We have received a report on the Court-Annexed Mediation and challenges identified therein are being addressed to further guide the rollout out of this access to justice initiative.  

We are prioritising the amendment of the Magistrate’s Court Act to address the utilisation of all official languages in court proceedings. Concurrently, we are improving the quality of interpreters for both foreign and local languages. 

Let me also allude to the stabilisation of the leadership of the National Prosecuting Authority (NPA) following the appointment of Adv Shaun Abrahams as National Director of Public Prosecutions by the President.  The NPA conviction rate has shown a remarkable 14.1 per cent overall increase.  In particular, during 2015/16, the NPA recorded 82 per cent conviction rate in trio crimes, 88 percent in organised crime and 94 per cent in complex commercial crimes.  In respect of sexual offences, the conviction rate stands at 70 percent, an increase of 6 per cent from the 64% obtained in the previous financial year. Performance in the lower courts has been enhanced by utilizing the Alternative Dispute Resolution Mechanisms (ADRM) which swiftly settles disputes through arbitration and mediation. In 2015/16, a total of 152 743 cases were finalised through ADRM, exceeding the set target by 9 per cent.

In line with the National Development Plan, the JCPS cluster continues implement measures to decisively deal with cases of corruption. In 2015/16, 163 government officials were convicted of corruption-related offences. The Asset Forfeiture Unit (AFU) obtained 483 forfeiture orders to the value of R372 million. Recoveries totalling R356.9 million were obtained in terms of the Prevention of Organised Crime Act  which is  166 percent higher than the target of R134 million. 

In the period 2011 to 2016 the SIU recovered a total of R413 million with a further potential recovery value of R1.117 billion. We continue to strengthen public confidence in the criminal justice system, especially from the perspective of victims of crime. The Presidency has also announced the permanent appointment of Adv Jan Lekgoa Mothibi as the permanent Head of the SIU.  This appointment brings certainty in this important institution.  

Last year, I referred to default judgements and emoluments attachments orders or garnishee orders as they are often called, which are prone to abuse by unscrupulous debts collectors and creditors. The Courts of Law Amendment Bill seeks to amend the Magistrates’ Court Act of 1944 in order to address abuses in the emoluments attachment order (EAO) system and to amend the Superior Court Amendment Act, 2013, so as to provide the rescission of judgements with the consent of the judgement creditor in the high court.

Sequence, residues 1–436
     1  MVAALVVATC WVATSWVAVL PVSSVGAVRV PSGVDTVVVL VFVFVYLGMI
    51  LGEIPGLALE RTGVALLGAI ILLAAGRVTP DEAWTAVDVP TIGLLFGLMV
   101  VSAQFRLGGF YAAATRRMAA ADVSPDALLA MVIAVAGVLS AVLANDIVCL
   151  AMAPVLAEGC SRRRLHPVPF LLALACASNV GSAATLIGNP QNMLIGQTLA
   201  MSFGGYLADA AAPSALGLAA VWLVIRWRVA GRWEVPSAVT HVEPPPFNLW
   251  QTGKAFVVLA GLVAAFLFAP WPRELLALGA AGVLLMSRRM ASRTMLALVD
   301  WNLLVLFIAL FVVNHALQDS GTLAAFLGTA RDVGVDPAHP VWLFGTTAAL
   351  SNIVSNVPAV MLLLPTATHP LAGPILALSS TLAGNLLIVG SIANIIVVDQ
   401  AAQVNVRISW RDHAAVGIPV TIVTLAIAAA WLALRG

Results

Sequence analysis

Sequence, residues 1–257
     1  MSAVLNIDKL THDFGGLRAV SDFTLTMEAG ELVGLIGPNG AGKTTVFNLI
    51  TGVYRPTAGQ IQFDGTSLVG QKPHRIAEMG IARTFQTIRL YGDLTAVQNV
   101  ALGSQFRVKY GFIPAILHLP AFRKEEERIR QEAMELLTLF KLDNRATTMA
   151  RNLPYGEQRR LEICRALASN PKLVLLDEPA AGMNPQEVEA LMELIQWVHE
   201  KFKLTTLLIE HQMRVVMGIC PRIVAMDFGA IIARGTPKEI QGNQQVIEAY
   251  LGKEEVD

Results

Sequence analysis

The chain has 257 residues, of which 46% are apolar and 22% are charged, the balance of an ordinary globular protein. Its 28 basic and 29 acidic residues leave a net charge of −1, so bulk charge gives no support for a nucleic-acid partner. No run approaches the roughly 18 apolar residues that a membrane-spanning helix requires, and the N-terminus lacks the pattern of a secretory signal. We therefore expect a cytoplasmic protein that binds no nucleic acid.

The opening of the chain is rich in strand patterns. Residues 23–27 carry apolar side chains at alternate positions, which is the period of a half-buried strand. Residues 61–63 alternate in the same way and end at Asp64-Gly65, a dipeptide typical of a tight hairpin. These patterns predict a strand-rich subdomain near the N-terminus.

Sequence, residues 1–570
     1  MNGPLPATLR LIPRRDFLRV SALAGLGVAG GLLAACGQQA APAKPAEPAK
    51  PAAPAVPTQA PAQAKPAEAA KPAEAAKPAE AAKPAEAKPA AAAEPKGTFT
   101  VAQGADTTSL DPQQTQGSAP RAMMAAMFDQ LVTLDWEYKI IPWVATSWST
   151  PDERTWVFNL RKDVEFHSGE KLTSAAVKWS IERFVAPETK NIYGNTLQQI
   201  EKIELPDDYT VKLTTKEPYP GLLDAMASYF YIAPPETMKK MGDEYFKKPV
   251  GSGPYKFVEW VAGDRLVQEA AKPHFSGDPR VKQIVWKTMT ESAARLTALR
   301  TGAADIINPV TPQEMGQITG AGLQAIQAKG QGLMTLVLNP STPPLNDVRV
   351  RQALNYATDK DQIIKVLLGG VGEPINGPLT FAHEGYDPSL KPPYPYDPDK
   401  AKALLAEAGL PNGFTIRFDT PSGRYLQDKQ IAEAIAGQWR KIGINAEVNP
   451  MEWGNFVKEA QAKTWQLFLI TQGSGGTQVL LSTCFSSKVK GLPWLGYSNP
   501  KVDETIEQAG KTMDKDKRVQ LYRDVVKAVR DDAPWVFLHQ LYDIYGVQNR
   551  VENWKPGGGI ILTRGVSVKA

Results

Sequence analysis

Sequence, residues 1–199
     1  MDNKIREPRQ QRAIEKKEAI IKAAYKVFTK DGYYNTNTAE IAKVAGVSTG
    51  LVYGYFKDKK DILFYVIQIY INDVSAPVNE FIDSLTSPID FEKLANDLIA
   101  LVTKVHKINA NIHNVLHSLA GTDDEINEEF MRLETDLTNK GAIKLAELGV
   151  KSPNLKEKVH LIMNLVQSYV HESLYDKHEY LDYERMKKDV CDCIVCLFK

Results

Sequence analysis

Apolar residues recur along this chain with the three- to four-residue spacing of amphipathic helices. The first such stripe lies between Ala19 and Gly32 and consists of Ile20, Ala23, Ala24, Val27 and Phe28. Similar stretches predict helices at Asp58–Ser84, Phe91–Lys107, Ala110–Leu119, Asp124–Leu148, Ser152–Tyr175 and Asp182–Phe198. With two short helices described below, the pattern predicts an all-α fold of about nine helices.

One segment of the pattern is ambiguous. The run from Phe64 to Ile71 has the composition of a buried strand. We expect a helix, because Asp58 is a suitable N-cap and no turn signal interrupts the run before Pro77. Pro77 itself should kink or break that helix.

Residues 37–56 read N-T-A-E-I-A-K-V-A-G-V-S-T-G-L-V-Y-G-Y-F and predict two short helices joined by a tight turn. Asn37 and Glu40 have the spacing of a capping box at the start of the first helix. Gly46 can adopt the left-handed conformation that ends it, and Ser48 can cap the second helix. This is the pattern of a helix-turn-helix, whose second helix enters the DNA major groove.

I also wish to thank the Chief Justice of alerting us on the fraudulent use court orders and court stamps, a matter which we are addressing.

Honourable Members
In my previous budget vote address I alluded to the need for radical reforms of State legal services.  We have developed a two-pronged turnaround strategy that seeks to consolidate the State’s litigation account and to strengthen the governance and accountability framework under the Solicitor-General dispensation. Through this strategy we will ensure that government attracts the best legal minds and improve its image in the manner it handles litigation.  Less that 2 percent of the total number of attorneys are employed by Government as State Attorneys.  An amount of R50 million is needed in the current financial year to increase the capacity of the State Attorney and for the implementation of the turnaround strategy.  We will repriotise our budget for this purpose.

In 2014 Parliament enacted the Legal Practice Act and only Chapter 10 thereof has come into effect. The latter Chapter establishes a National Forum on the Legal Practice to level the ground for the implementation of the entire Act. We have received a Report from the Chairperson of the Legal Forum on the Legal Profession which I will present to this Honourable House in due course.